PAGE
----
A symbol of the invader survives and thrives
by Kiki Deere
TALLINN’S Aleksandr Nevsky Cathedral sits atop Toompea Hill, dominating the city skyline. A picturesque landmark to visitors, it means a lot more than that to Estonians.
I cover my head with a shawl and make my way inside. A pungent smell of incense permeates the interior. A lady sits comfortably at a table behind an assortment of articles, among them candles and books, whose Russian script is clearly visible on the covers — to this day no books are sold here written in Estonian.
Built between 1894 and 1900, the church is a reminder of the country’s Russian occupation. The icons, intricate mosaics and 15-ton bell were imported from St Petersburg, and the building — somewhat provocatively — is named after Aleksandr Nevsky, who conquered Estonia in the 13th century.
No books are sold here written in Estonian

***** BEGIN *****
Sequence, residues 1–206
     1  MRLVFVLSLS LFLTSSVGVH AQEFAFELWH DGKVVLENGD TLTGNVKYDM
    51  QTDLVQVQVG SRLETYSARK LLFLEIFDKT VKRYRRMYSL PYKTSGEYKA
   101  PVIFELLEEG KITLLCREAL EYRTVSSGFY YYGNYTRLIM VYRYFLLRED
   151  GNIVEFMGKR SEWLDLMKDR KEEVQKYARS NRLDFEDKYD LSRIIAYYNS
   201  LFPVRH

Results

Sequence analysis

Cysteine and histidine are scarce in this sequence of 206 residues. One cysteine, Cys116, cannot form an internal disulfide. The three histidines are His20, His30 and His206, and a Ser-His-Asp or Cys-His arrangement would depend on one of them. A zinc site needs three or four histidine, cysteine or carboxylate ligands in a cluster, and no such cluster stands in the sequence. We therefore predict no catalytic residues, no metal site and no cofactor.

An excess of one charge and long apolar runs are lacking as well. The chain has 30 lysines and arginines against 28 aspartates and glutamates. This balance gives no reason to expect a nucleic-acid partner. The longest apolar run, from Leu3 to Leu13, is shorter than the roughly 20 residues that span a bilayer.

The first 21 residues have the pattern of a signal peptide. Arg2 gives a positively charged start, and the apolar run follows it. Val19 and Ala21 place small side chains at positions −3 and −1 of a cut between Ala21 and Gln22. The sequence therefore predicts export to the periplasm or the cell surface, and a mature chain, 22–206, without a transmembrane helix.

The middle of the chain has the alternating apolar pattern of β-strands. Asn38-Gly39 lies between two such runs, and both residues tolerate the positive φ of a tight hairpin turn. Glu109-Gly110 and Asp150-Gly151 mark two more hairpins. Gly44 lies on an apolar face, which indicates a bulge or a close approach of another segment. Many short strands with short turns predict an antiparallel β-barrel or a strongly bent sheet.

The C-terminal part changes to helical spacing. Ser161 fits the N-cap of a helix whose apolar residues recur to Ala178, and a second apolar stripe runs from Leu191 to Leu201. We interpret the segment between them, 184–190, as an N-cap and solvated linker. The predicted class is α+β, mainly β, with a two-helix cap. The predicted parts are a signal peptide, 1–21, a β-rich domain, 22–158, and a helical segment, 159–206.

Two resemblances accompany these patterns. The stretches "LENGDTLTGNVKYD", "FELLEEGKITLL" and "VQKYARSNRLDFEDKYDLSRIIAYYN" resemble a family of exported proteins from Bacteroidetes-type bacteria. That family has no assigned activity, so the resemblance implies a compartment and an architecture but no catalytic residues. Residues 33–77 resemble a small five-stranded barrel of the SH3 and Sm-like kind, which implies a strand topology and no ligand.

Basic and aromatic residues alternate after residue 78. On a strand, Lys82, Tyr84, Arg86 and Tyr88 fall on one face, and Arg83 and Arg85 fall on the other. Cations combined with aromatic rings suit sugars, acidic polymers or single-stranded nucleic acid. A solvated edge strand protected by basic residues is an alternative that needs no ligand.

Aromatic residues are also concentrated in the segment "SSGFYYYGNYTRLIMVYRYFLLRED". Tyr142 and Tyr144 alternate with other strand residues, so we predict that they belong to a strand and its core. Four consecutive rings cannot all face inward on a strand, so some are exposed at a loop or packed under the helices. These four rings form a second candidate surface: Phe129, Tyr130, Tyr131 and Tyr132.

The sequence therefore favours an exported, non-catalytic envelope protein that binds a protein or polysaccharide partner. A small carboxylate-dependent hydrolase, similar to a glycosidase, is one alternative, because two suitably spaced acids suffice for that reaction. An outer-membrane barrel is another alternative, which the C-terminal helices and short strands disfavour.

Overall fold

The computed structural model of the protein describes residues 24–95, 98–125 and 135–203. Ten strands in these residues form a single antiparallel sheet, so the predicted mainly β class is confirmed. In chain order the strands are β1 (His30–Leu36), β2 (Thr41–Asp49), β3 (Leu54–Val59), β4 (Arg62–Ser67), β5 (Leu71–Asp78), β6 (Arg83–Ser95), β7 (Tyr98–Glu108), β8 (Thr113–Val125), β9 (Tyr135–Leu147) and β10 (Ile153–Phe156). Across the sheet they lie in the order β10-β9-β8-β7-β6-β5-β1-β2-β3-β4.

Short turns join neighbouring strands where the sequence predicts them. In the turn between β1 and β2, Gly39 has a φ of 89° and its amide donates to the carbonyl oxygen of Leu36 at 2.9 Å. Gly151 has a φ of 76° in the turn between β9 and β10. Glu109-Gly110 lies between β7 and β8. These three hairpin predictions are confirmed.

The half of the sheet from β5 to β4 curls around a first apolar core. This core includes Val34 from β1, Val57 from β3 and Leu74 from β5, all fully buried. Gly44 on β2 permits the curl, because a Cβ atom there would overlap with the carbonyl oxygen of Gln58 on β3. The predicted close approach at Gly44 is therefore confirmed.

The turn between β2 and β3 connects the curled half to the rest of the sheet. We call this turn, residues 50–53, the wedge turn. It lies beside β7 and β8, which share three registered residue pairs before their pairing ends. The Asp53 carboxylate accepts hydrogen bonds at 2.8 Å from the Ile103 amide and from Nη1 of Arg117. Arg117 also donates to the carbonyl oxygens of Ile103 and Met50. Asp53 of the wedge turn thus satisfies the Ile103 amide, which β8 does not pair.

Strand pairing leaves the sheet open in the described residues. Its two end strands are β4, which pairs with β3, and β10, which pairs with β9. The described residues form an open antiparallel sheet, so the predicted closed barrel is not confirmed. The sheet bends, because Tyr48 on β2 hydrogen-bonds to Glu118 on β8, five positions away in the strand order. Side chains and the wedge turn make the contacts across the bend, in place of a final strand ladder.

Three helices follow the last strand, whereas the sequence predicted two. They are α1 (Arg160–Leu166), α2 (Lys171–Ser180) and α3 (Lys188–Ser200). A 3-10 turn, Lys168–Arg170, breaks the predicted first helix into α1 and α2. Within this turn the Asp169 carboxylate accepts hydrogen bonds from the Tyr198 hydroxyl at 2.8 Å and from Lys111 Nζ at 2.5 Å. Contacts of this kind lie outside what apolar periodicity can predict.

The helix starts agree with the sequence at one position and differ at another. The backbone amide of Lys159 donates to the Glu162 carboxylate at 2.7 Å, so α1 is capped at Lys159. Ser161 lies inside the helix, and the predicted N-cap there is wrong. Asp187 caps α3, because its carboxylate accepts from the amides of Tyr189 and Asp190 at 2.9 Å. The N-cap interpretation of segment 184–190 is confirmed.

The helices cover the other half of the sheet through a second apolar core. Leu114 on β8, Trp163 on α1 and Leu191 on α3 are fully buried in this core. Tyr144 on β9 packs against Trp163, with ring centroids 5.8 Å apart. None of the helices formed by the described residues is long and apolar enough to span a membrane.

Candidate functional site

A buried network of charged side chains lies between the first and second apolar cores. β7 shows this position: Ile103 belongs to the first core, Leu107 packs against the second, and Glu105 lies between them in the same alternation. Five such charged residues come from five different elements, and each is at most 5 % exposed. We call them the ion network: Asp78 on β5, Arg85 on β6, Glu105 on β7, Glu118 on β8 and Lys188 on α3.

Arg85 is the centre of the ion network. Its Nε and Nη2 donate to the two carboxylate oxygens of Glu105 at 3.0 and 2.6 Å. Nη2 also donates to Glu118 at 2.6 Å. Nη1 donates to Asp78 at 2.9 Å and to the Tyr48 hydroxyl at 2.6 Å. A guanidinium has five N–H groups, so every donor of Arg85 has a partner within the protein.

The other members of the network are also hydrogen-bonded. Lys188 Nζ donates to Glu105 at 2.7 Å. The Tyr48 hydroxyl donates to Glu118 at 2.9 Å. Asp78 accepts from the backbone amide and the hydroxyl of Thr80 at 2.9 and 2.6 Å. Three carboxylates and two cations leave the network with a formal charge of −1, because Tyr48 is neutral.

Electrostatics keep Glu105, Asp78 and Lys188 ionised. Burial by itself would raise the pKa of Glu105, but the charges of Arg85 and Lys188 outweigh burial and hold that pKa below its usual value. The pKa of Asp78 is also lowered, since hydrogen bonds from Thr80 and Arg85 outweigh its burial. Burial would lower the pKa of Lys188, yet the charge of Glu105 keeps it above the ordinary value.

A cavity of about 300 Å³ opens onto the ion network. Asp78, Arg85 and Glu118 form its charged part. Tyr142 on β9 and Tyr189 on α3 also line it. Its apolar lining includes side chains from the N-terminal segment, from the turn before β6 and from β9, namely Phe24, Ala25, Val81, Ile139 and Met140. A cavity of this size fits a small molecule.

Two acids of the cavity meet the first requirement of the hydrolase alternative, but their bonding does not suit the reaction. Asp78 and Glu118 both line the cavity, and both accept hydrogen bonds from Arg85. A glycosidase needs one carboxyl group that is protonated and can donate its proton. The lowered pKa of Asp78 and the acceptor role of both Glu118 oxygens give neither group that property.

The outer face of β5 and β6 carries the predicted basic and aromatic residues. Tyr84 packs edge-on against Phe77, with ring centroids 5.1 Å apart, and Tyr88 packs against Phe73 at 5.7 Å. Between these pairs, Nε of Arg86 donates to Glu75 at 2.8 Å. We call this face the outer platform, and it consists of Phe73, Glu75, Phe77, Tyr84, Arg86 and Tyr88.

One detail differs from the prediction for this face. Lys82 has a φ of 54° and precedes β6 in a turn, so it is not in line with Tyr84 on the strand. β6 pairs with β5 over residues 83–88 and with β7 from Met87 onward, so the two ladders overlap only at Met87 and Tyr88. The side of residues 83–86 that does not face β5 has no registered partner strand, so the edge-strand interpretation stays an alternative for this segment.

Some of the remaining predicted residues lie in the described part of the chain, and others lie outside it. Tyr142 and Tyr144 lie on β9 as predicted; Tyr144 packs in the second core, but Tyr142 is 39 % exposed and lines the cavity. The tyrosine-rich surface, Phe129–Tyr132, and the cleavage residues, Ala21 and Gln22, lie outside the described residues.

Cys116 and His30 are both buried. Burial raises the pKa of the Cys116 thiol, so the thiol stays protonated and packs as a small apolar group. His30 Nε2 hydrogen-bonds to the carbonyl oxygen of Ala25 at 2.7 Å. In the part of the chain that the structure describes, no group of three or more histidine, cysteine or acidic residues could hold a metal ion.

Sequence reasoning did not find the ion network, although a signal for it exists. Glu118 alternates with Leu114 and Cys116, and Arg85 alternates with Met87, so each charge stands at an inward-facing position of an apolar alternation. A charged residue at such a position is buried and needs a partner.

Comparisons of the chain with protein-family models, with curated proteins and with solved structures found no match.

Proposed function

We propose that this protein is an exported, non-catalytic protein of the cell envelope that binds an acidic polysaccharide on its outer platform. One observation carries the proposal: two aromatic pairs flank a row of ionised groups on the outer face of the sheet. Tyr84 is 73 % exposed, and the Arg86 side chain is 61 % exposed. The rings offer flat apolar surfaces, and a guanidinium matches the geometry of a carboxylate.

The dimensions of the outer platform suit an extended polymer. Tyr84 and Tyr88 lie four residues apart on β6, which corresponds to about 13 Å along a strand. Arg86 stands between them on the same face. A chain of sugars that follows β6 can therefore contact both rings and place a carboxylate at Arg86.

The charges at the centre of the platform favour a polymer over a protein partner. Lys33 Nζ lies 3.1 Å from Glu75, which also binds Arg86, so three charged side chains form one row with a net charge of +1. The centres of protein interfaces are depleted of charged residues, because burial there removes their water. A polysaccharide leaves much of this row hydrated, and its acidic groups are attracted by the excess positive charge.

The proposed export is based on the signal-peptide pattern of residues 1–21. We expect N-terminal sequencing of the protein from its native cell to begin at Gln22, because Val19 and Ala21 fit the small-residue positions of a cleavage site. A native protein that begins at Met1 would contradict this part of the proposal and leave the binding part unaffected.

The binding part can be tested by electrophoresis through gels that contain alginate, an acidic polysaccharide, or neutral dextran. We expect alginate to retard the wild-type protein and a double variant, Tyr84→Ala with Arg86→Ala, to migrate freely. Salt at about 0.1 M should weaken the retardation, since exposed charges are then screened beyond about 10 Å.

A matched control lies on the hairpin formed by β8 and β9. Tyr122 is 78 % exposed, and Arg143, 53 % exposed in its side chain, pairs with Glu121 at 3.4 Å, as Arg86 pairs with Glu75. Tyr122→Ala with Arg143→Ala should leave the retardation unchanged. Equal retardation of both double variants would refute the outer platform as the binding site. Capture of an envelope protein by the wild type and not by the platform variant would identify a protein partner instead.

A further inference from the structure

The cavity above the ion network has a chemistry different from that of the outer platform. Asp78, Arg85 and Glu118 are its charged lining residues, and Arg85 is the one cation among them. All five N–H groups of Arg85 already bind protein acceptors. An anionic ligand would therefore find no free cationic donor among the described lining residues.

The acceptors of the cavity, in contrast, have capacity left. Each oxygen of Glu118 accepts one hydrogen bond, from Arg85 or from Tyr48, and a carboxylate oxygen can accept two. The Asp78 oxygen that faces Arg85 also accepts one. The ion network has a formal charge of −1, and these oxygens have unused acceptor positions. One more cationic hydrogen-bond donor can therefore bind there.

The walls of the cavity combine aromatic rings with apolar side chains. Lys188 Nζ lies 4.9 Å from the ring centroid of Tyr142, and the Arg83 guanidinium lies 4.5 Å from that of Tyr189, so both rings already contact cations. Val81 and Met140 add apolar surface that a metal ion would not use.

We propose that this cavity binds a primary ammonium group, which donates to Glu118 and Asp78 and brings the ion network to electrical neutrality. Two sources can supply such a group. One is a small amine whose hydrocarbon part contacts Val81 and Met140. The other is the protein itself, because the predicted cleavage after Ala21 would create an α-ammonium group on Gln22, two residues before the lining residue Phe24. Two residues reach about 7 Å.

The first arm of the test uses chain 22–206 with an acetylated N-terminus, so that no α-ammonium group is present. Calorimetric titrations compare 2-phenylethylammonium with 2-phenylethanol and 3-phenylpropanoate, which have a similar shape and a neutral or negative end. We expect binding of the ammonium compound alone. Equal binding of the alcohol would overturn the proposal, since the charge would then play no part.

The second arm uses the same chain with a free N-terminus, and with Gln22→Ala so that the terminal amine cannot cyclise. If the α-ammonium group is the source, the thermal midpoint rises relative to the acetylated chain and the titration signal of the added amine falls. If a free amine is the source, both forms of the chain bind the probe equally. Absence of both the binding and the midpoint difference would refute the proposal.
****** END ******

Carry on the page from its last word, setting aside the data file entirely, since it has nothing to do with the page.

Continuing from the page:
A large older woman waddles towards the front of the cathedral, where she lights two candles, muttering prayers under her breath. A steady stream of worshippers move into a nearby room. Intrigued, I follow. An infant wails as he is immersed in water, his screams echoing throughout the room. He is surrounded by men, women and children eager to witness his baptism. Some walk away; latecomers arrive, making their way to the front of the crowd.
I soon leave, feeling like an intruder on these intimate moments, and return outside to take a deep breath of fresh Baltic air.